More and more South African businesses are looking to expand, and with the rest of the continent quite literally on our doorstep, disruptors and businesses who embrace technology are leading the charge into Africa.
Border controls, import policies, foreign currency and banking rules are just a few of the many hurdles and obstacles that business owners have traditionally needed to resolve before even setting foot in a new country to set up office. Technology has, in many ways, found innovative solutions that now makes it possible to take their products and services global. Three South African companies share their experiences and advice for entering the African market.
Finding a market in the gap
Due to its rapid rate of adoption, Quicket, the self-managed online ticketing system, is one such business extending into countries beyond our borders. The company’s barriers – besides an internet connection – included banking, accepting local payment methods and currencies, local ticket distribution methods, on the ground teams for event logistics, platform localisation and support, and lastly legals done to ensure compliance with SARB, yet it is now successfully setting up and supporting users and their events in Africa, and beyond.
“Africa is really is on a technological cusp,” says Quicket co-founder and Director, James Hedley. “It is developing at an incredible rate, and ambitious businesses like ours are now investing in this sector. In Uganda, for example, the economy is growing rapidly, and there’s a high proportion of younger people about to enter the job market and become potential Quicket clients.”
Make it your business to understand theirs
What underpins export-ready business success comes from conducting appropriate due diligence in each new territory, based on their growing commercial success outside of South Africa. It is critically important for a business to understand as much as possible about the country they intend investing in and its people.
Dr Corrin Varady, CEO of IDEA Digital Education, has garnered first-hand experience in marketing and selling educational content and software to students and teachers around the world. He shares the lessons that have especially helped grow their business into Africa.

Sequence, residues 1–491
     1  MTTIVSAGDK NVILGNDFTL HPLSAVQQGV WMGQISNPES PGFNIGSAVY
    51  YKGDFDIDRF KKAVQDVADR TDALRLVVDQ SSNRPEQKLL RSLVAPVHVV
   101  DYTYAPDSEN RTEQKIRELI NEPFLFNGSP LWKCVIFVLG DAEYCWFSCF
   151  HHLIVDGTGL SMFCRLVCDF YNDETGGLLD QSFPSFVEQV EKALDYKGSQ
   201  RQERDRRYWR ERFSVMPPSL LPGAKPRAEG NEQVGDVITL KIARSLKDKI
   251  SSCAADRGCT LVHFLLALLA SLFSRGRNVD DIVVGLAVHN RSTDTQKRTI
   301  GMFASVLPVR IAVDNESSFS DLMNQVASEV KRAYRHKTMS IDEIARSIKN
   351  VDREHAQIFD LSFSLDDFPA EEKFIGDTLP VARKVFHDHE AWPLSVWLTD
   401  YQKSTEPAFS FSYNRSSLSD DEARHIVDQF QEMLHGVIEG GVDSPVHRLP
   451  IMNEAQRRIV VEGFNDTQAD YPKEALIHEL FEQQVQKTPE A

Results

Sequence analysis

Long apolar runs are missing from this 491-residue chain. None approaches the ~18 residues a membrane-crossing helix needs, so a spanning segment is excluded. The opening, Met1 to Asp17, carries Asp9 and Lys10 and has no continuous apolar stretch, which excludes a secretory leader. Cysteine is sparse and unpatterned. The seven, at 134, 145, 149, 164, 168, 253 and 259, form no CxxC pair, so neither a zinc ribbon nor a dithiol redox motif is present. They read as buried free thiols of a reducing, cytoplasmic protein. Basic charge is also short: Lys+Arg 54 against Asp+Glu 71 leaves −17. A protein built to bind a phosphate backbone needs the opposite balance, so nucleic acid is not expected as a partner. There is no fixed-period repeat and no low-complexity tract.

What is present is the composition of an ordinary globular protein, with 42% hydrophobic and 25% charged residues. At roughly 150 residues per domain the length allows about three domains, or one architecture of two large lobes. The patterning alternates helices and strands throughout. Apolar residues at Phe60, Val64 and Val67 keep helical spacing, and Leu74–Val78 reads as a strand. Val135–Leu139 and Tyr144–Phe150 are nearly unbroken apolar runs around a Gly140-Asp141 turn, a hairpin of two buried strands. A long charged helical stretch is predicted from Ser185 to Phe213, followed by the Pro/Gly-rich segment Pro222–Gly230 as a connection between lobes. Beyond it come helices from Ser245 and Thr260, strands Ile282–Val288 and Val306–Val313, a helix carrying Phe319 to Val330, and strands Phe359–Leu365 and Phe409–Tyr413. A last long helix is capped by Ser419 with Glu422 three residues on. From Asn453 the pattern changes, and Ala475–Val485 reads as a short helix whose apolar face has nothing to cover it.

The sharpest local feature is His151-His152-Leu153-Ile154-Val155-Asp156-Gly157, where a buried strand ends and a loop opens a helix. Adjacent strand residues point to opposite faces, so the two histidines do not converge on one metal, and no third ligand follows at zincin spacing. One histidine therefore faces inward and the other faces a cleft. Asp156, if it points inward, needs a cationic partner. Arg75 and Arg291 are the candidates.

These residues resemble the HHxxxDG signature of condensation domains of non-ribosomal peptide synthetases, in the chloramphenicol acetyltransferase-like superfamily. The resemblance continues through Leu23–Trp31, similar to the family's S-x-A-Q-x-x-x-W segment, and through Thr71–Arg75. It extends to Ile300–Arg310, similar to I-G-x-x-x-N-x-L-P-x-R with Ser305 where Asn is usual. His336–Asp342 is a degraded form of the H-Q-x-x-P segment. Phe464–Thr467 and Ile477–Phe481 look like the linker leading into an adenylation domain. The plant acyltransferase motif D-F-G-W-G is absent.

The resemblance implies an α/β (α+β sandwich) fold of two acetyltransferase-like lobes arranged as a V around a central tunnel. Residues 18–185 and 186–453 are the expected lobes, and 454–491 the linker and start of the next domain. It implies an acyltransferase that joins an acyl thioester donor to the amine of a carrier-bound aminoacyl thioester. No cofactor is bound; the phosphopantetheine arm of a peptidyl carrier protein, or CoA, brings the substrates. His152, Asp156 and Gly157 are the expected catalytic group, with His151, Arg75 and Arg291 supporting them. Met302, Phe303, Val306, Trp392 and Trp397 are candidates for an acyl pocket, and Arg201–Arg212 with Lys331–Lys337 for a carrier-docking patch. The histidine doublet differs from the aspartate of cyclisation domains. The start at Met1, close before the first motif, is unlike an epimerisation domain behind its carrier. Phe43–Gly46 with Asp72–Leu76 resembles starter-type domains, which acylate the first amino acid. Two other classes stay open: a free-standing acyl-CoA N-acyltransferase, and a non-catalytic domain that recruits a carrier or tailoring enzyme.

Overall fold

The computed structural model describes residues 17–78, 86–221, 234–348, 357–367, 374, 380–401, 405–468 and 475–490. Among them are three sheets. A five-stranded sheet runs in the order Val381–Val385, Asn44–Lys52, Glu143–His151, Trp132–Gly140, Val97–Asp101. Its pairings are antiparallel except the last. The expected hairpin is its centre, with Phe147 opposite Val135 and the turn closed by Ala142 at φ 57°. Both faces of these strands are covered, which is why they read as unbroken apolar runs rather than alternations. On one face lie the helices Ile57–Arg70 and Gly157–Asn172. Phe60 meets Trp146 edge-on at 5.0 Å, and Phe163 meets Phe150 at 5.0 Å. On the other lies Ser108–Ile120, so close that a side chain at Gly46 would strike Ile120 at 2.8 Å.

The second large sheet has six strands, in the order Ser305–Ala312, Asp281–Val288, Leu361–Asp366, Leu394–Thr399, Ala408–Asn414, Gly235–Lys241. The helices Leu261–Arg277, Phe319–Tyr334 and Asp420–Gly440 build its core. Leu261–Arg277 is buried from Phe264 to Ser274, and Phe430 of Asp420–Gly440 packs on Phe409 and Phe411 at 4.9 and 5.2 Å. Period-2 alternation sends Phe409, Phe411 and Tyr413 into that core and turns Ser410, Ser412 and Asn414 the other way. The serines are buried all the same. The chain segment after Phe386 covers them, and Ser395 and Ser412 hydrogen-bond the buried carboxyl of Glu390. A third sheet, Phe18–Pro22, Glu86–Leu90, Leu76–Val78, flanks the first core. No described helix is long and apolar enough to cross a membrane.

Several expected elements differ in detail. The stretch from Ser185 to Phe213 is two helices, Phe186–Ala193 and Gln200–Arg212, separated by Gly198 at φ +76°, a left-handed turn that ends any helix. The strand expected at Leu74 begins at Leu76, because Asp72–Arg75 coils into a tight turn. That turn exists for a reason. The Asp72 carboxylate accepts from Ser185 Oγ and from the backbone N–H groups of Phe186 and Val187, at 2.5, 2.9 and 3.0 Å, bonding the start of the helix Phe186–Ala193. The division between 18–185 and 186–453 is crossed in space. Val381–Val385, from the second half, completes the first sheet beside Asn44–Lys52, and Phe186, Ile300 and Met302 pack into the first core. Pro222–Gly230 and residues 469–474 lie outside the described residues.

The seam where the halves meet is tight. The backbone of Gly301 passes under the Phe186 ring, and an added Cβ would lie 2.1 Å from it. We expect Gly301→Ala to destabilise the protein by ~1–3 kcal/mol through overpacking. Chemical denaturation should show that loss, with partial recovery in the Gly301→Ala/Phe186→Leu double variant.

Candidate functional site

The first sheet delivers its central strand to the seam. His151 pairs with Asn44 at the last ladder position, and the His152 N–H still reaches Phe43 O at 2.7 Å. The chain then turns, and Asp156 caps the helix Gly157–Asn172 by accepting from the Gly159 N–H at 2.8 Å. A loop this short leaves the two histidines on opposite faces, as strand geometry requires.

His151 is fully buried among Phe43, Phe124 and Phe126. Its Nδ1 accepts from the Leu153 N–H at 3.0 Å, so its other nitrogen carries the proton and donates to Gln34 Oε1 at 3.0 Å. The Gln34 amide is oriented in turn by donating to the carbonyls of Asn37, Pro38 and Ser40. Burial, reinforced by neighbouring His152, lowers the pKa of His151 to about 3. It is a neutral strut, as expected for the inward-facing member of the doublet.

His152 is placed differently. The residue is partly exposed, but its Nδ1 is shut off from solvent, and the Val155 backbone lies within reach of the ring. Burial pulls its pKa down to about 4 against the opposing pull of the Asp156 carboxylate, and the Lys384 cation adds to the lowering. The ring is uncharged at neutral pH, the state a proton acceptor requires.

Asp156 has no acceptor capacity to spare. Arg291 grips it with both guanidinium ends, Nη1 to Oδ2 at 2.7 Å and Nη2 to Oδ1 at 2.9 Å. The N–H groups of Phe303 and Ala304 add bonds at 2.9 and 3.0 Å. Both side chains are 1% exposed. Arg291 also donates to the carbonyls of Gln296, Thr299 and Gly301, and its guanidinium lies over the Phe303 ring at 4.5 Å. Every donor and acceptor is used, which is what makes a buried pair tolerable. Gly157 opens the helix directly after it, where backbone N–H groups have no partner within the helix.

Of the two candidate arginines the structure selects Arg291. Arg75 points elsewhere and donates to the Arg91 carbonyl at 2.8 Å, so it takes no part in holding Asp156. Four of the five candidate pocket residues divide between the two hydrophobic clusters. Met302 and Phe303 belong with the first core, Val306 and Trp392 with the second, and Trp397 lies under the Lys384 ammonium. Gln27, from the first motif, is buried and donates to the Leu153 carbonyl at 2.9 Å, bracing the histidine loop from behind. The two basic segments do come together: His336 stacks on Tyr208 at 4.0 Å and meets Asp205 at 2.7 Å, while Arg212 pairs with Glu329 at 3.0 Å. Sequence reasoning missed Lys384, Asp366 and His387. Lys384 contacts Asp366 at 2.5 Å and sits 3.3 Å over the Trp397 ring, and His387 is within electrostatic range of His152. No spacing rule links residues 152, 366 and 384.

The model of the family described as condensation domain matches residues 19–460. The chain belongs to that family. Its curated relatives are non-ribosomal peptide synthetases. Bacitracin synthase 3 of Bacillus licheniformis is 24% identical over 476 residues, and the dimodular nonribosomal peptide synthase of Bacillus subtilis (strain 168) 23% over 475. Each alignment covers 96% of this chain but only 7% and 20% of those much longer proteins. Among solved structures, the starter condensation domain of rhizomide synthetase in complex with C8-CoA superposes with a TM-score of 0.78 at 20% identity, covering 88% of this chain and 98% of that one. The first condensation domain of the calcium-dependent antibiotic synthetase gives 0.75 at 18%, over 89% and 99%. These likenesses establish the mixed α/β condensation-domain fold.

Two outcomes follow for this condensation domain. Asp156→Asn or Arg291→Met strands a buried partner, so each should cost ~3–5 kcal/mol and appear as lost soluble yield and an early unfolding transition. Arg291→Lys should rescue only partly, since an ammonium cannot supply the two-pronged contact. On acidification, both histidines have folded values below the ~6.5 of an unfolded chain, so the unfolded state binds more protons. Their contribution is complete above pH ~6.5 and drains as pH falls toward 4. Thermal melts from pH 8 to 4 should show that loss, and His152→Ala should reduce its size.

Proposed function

“For every country, localisation is required, both in terms of education and curriculum alignment, and also an understanding of the cultural and contextual differences (and similarities) of each country,” he says. “Being mindful of these differences in each region keeps the content relevant and specific.” Though he cautions that, “while every nation faces its own versions of the certain challenges in education, they are all similar in their global application. The more global approaches we learn from, the faster and easier we can solve our local education problems. This ensures that we will learn the best ways to ensure our students are getting a global-best and not just a local-best.”
Hedley agrees: “There are many challenges when considering expanding into new markets. In our case, what’s clear is that the payment infrastructure tends to be very new and undeveloped, and people are still unfamiliar with purchasing a digital asset like a ticket. In Uganda, about 90% of the tickets we sell are still physical tickets that get dropped off on motorbikes to shops, simply because that’s what works.”
David Seinker, founder and CEO of The Business Exchange (TBE), has recently opened offices in Mauritius, and the business is also looking to open in the West- and East Africa. Its highly adaptable ecosystems offered to businesses of all sizes has made it a perfect export candidate. “The African market needs something different in the co-working space. There are business centres available, but there are no networking opportunities for entrepreneurs,” Seinker explains. “That’s the niche we’re successfully able to occupy.”
When politics and partners matter
As for business appetite to expand, Seinker is quick to point out that sentiment about Africa is still mostly positive, but it tends to ebb and flow.
“Countries like Ghana offer more stability, and the new government seems to have its people at the forefront of its decision-making, yet others like Nigeria may offer less investor confidence at the moment,” he says. “We are fortunate to be in business with our strategic funding partners Raizcorp, the largest business incubator in the continent. They have a presence throughout Africa, and we feel a lot safer going into new territories with them by our side. We have successfully leveraged their network in South Africa to grow TBE to where it is today, and we will aim to do so in the rest of Africa.”
Businesses have to learn, and most have to build the technology and systems that are appropriate for each country they invest in. In the case of Quicket, this approach was key to their Africa expansion.
“The other vital part of a successful launch is educating people and creating awareness about the concept. In Africa, a lot of people still don’t trust the digital space as we do in South Africa – preferring something tactile, something they can hold in their hand.”
Given their approach, Quicket and other ambitious businesses, the likes of The Business Exchanges and IDEA, have each become pioneers in many ways.
“An African expansion entails both learning and educating at the same time. We’re working to create awareness of our product in the market, but also to learn about the various facets of that market to which we need to adapt. And in so doing, we’ve had to innovate and come up with creative solutions which has been both the most challenging and rewarding part,” Hedley concludes.